Click amount to donate direct to CounterPunch
  • $25
  • $50
  • $100
  • $500
  • $other
  • use PayPal
Please Support CounterPunch’s Annual Fund Drive
We don’t run corporate ads. We don’t shake our readers down for money every month or every quarter like some other sites out there. We only ask you once a year, but when we ask we mean it. So, please, help as much as you can. We provide our site for free to all, but the bandwidth we pay to do so doesn’t come cheap. All contributions are tax-deductible.
FacebookTwitterGoogle+RedditEmail

Obama’s Statement on Fast and Furious

Good evening, my fellow Americans. I’m here tonight to clear up some misperceptions about Operation Fast and Furious. Many of you are confused, even angry, and I fully understand. Why did the United States sell thousands of guns to vicious Mexican drug cartels, so that they could kill many people, including Americans? Doesn’t this make us accomplices to murders?

Of course it does, but you must keep in mind that our hands are always stained by the blood of millions and millions of victims. That is the story of our history, it is our creed, because there is an awesome responsibility to being the greatest country on earth. We routinely preach peace and practice mass murder. Still, what was the point of Fast and Furious? Why did we give guns to our supposed enemy so they could shoot us?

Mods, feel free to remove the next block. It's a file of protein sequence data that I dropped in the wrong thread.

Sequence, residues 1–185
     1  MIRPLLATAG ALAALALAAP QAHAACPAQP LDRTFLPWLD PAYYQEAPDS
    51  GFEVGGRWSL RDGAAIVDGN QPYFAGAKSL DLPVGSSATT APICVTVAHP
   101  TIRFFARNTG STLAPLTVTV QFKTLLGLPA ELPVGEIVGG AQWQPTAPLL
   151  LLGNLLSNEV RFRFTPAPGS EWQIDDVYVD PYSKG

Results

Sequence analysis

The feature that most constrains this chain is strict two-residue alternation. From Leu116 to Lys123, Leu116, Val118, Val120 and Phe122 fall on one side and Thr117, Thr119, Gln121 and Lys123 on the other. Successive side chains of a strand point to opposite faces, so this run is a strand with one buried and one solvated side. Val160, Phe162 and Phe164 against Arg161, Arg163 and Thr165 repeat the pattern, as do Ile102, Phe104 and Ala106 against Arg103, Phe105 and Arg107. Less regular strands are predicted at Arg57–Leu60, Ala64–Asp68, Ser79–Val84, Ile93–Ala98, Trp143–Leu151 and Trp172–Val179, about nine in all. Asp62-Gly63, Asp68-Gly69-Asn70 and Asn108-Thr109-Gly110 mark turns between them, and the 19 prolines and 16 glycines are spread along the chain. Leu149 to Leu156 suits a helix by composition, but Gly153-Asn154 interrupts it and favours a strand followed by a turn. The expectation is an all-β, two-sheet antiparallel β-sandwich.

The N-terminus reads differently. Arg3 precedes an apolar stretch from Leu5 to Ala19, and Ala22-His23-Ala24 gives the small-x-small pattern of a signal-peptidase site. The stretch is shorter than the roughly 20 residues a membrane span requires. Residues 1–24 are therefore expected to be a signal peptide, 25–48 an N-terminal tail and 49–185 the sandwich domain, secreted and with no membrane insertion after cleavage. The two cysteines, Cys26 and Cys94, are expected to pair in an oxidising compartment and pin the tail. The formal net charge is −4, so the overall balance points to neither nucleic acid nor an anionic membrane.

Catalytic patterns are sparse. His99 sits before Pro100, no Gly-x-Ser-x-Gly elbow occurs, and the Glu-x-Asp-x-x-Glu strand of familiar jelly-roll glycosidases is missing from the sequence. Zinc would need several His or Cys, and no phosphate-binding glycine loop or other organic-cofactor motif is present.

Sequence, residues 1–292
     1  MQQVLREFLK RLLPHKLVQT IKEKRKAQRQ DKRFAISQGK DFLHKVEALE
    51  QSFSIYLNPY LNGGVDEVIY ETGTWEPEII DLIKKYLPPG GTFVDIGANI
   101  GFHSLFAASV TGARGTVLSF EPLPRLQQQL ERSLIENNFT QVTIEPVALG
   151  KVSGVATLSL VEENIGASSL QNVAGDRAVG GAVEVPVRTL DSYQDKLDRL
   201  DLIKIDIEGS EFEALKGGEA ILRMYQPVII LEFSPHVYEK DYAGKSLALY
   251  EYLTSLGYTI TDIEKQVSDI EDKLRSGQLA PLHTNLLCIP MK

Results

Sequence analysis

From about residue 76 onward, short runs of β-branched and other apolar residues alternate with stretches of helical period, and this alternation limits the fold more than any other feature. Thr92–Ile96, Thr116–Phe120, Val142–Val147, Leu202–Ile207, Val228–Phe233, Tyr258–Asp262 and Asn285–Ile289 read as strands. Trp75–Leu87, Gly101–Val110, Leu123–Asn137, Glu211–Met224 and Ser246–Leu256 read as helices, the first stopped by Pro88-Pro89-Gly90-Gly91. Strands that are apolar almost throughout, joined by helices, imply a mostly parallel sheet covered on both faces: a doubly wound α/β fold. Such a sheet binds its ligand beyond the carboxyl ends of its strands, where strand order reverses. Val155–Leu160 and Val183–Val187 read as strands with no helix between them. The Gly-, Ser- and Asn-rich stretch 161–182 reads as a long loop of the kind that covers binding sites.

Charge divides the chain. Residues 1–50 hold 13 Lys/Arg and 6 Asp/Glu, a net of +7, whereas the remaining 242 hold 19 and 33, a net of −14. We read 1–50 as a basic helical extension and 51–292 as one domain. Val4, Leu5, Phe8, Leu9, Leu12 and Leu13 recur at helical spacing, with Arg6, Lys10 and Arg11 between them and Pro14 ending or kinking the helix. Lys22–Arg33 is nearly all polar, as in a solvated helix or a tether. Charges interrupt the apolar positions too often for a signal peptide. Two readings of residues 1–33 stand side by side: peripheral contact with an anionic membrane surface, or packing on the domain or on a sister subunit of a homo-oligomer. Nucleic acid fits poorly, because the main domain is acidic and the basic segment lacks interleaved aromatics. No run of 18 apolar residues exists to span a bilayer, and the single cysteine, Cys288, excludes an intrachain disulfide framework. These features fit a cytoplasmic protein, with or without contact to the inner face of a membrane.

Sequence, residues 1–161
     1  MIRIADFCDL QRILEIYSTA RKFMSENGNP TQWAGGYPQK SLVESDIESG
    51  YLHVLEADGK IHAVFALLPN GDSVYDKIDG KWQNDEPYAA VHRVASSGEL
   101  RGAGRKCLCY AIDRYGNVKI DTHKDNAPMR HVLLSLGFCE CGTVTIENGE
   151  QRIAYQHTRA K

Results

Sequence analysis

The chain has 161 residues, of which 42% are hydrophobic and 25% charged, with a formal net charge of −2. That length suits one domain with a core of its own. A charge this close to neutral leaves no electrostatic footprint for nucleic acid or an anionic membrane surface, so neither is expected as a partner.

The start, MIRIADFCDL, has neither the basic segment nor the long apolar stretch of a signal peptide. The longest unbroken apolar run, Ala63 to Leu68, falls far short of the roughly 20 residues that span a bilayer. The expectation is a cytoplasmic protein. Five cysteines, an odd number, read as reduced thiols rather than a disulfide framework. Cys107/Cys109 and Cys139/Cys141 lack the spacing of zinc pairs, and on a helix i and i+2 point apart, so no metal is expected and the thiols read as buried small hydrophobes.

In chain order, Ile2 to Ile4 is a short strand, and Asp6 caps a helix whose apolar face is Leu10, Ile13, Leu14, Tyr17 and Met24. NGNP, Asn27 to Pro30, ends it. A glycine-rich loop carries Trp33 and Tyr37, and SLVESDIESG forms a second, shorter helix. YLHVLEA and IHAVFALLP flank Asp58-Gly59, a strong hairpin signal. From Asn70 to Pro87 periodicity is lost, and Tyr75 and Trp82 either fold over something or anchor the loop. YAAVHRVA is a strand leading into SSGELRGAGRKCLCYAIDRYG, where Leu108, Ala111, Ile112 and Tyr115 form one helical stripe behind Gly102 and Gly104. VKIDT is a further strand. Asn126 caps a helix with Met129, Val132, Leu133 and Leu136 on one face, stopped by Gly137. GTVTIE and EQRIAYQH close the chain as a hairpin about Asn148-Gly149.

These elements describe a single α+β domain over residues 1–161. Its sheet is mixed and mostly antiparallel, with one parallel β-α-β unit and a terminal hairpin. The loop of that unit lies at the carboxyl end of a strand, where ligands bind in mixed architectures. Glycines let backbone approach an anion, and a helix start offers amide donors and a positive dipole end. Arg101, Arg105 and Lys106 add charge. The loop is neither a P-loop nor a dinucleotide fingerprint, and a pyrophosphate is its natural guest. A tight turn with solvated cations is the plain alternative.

The name is taken from a B movie, by the way. It’s about a fellow who breaks out of jail, kidnaps a woman, roughs her up a little, which makes her fall in love with him. Together, they then try to escape to Mexico. Michelle and the girls hated this film, and I didn’t care for it either. Violence on women is never excusable, under any circumstance. I just had Jeremy Lin, Eli Manning and Jimmie Rollins in town to tape a message condemning violence against women. Got to get those chick votes out. Give me some. In short, a woman should never be physically violated under any situation, context or lighting. Unless she’s hit by a drone in her sleep, that is. We don’t live in perfect world.

When I came into office, I had no gray hair and never rambled, but now I do. Such is the stress of being your President. Back to Fast and Furious. Attorney General Holder explained that the idea was to track these guns to the hiding places and upper echelons of the drug cartels, so that we could catch or kill the bad guys, just like we did Bin Laden in Pakistan, but of course this rationale is nonsense, because our brave and hardworking agents can only do so much in Mexico. It is a separate country, after all. Not that we care too much about that, frankly. In any case, we lost track of these weapons almost immediately, often even before they crossed the Rio Grande.

But you shouldn’t blame the Attorney General for blowing smoke up your crack. We all do, all the time. Harassed by an ambitious pitbull like Representative Issa, it was hard for Mr. Holder to keep his composure, and he was right to characterize his adversary’s antic as “political theater,” though everything in Washington, down to the last screw on each doorjamb, is political theater.